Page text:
Held every year, the Driehaus Foundation National Preservation Awards celebrate the best of the best in historic preservation, adaptive reuse, and the re-imagining of historic buildings for the future. Picking projects that demonstrate excellence in execution and a positive impact on the vitality of their towns and cities, the three winning buildings this year range from the reimagining of a former asylum to the adaptive reuse of a historic school to the groundbreaking transformation of a 1.5 million square-foot mixed-use facility.
“Through creative and meticulous restorations that reinvigorate older buildings, elevate the quality of public life, serve contemporary needs in their communities, and educate and encourage others, these projects are outstanding examples of the power and potential of preservation to improve lives,” said Stephanie Meeks, president and CEO of the National Trust.
Take a look at the awarded projects below.
Crosstown Concourse in Memphis, TN; Designed by Looney Ricks Kiss:
Project description: Though much has changed since the facility opened as a Sears, Roebuck and Company distribution center and retail store less than two miles from downtown Memphis in 1927, Crosstown Concourse is the product of nearly five generations of innovators, dreamers, and builders. Today, having overcome two decades of blight, Crosstown Concourse is the catalyst for the revitalization of not just a distressed and abandoned building, but an entire neighborhood. Initially conceived as a home for a small start-up arts organization, the building has evolved into a 1.5 million square-foot mixed-use “vertical urban village.” Designed by Looney Ricks Kiss in association with DIALOG, the Concourse project is exemplary not just for its remarkable size, but for the many ways it puts community first: in meeting the needs of its residents; in the extent of its grassroots involvement; in the educational and cultural opportunities it provides; and in the residential and commercial developments that are reinvigorating the community.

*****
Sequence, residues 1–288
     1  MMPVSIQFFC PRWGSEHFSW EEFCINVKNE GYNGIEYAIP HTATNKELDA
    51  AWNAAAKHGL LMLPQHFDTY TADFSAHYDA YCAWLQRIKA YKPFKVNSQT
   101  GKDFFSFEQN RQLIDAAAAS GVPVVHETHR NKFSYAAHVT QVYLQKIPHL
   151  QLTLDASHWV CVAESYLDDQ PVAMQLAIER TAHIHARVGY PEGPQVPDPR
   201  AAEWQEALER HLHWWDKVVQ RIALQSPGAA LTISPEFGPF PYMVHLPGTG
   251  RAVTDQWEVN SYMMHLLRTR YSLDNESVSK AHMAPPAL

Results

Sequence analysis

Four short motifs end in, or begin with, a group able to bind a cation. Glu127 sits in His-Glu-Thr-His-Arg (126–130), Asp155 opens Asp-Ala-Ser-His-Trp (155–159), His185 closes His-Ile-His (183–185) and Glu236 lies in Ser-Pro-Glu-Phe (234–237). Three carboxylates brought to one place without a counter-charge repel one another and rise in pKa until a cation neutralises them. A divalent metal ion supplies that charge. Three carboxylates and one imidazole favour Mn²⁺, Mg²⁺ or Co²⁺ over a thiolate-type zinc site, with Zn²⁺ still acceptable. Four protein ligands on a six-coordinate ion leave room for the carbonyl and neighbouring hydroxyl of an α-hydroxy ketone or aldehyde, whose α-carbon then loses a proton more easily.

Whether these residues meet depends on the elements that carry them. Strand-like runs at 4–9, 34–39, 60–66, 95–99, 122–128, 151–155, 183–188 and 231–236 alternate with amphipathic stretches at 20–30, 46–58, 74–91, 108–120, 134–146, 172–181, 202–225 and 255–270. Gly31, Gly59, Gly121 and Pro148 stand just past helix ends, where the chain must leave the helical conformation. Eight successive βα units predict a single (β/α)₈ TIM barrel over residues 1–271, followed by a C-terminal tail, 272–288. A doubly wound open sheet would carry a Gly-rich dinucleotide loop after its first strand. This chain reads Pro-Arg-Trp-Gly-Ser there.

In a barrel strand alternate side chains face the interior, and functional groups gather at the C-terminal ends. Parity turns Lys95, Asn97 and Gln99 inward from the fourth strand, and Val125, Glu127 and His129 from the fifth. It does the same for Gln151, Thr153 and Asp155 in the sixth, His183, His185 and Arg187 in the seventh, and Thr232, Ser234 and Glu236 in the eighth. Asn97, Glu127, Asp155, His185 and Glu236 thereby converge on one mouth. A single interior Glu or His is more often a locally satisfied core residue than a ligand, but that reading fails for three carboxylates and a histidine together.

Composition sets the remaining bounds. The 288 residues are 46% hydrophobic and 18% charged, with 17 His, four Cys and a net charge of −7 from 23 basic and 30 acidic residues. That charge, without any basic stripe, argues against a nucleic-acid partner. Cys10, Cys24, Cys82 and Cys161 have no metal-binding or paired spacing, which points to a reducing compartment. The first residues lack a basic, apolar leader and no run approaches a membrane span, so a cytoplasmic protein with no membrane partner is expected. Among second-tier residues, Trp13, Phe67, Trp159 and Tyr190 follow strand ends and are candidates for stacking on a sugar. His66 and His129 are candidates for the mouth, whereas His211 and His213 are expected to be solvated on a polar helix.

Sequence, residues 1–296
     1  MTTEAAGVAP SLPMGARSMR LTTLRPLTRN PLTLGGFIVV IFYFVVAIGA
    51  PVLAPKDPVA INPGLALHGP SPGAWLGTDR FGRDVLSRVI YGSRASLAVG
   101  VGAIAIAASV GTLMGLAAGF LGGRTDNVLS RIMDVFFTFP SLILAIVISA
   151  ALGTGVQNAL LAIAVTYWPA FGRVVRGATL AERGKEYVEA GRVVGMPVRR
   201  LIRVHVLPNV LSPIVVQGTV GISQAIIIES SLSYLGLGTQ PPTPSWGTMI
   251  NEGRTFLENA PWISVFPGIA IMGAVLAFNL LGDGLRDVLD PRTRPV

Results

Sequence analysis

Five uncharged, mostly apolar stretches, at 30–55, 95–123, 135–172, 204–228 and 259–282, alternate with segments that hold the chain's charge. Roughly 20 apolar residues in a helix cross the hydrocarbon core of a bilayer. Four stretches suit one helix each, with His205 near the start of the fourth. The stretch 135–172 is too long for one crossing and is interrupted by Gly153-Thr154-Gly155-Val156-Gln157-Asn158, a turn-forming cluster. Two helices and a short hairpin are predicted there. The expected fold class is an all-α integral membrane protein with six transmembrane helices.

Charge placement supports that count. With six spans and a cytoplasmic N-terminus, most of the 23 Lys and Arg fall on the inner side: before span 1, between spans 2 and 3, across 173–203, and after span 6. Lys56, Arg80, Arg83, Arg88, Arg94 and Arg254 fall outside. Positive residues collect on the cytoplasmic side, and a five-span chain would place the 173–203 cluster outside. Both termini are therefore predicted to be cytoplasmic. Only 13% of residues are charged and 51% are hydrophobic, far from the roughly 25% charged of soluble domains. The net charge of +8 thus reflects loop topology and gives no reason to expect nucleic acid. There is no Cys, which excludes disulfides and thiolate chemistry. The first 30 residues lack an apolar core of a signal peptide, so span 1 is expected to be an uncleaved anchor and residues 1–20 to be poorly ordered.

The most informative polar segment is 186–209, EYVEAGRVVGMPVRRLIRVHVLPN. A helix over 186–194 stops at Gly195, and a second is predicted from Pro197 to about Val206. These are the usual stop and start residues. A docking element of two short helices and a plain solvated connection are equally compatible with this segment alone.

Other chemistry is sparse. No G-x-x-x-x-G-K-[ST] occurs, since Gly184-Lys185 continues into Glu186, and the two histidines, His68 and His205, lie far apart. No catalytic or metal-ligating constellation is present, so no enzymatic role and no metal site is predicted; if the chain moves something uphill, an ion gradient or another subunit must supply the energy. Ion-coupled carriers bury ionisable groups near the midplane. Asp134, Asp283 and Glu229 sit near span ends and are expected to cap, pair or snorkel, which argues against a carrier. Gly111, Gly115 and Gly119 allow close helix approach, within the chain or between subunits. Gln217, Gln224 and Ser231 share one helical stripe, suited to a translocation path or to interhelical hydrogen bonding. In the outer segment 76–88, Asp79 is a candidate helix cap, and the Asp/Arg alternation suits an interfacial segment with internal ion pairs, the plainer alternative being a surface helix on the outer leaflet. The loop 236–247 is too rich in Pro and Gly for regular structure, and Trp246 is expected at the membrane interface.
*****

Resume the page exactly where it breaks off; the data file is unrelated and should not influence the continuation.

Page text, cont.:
Richard Olmstead Campus in Buffalo, NY; Overseen by Richardson Corporation:
Project description: Reuse of the massive 145-year-old Richardson Olmsted Campus, the former Buffalo State Asylum and widely considered to be one of Buffalo’s most important and beautiful buildings, is the story of a threatened National Historic Landmark, the community effort to save it, a public-private partnership, skilled planning and design, and, ultimately, of success and rebirth. The transformation of the campus, a masterpiece of design by architect Henry Hobson Richardson and landscape architect Frederick Law Olmsted, into a new hotel and architecture center occupying the iconic Towers Building and its two flanking structures is expected to be the crown jewel of a planned, mixed-use civic campus contributing to Buffalo’s architectural heritage. Supported by state funds and historic tax credits, the first phase of historic restoration created nearly 600 jobs and generated new sales tax revenues while playing an integral role in the cultural renewal and attraction of the Buffalo-Niagara region.
The Douglass at Page Woodson in Oklahoma City, OK; Designed by Smith Dalia Architects:
Project description: The restoration and adaptation of Page Woodson School into affordable apartments marks a vibrant cultural renewal in Oklahoma City. In a public-private partnership, the badly decayed 1910 school house—renamed in 1934 for abolitionist Frederick Douglass when it became an all-black high school—underwent extensive restoration and now accommodates 60 affordable apartments and a community auditorium. Developed by Colony Partners and SCG Development and designed by Smith Dalia Architects, the restoration capitalized on the building’s outstanding example of Classical Revival red brick, its rich artisanal ornamentation, and educational themes to give this affordable housing solution a far more distinguished architectural identity than it would otherwise have today. Oklahoma City’s Ambassador's Concert Choir has started planning on how best to connect the community to the historic auditorium, which once hosted such personalities as jazz great Duke Ellington and Supreme Court Justice Thurgood Marshall.
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